Matt asks whether “the current XHTML/CSS paradigm” and the ease with which “skins” are laid on top of applications are contributing to an undoing of “the old humanistic saw about the mutually informing and inextricable nature of the relationship between form and content.”
Kari then takes the discussion in an interesting direction by bringing up W. W. Greg’s classic differentiation between “‘accidentals[,]’ those features of an author’s work–spelling, punctuation, style–generally regarded as contingent rather than constuitive” and “‘substantives,’ or linguistic content, the real locus of authorial meaning.” She writes that against this long-influential view “a younger generation of mavericks … hold that accidentals are substantives, a variation on the old saw that the medium is the message.” These “mavericks” argue that “[t]hings like font size and style, page layout, white space–all are semantically constituitive.” However, now that we can switch these elements around relatively easily in an electronic environment, textual theorists might need to rethink their assumptions about form and content.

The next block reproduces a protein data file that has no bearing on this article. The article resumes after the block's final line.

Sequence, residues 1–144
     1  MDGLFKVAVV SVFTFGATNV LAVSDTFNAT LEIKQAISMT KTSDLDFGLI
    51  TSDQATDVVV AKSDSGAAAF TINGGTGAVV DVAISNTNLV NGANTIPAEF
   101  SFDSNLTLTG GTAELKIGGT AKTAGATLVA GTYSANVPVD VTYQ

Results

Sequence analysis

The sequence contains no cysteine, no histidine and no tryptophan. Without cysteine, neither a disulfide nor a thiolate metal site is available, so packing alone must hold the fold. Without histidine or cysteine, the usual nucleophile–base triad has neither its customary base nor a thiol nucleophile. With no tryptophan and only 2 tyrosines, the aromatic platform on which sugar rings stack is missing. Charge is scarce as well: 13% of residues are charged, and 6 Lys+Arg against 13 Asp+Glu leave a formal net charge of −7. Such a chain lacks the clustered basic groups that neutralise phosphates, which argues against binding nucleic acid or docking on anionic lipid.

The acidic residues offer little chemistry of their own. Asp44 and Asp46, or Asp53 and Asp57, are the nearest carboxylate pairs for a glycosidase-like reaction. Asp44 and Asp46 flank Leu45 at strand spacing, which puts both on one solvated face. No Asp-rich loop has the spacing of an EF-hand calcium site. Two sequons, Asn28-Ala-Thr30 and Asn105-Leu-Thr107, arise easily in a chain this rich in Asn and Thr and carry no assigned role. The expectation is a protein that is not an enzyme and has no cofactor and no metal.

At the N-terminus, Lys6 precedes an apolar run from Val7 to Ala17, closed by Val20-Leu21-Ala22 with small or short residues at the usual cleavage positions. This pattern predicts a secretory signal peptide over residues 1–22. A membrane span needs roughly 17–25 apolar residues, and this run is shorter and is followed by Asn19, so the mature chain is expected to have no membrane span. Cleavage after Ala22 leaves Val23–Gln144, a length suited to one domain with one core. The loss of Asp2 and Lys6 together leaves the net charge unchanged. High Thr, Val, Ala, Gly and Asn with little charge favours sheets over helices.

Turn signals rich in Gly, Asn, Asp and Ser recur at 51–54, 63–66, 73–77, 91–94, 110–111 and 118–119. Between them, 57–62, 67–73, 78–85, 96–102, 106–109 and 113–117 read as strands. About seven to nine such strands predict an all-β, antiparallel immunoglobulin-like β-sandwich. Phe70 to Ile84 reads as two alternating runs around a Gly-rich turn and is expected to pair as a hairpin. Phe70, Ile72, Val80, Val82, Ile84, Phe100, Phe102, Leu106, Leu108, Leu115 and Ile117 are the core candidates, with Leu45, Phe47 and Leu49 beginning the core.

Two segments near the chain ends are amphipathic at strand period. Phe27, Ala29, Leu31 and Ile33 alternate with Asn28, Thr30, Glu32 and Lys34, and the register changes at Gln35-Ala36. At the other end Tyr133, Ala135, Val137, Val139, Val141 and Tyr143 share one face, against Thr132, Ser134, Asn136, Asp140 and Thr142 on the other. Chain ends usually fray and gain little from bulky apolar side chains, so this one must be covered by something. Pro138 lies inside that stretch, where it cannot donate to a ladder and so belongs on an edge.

Jason takes the XHTML/CSS binary and complicates things by arguing for a three-way (woo-hoo!) relationship involving the database backend (oh.) that runs MT blogs and other forms of information: “In looking at the CSS, the HTML templates, and even the database, I see a variety of levels of ‘form’ and ‘content’ intertwining in a (seemingly) organic fashion.”
All this has left me wanting to play devil’s advocate. Might we restrict our view to the “document” — whether that’s a blog entry or the interface for a chat client — as it appears on our screen? The skin, the database backend, or the stylesheet are the means by which the document was formatted, but now that it’s there on screen, do these things matter so much to our analysis of the document itself? The computer — or the printing press, for that matter — is the device upon which the process of document creation was enacted, but once the document is created, we’re back to the inextricable nature of form and content. The links on Matt’s page used to be blue and underlined; now they’re green and have no underlines. I would argue that these features still signify; they’re still “substantives.” There is no reason to read them as “accidentals” simply because their change is the result of a stylesheet edit.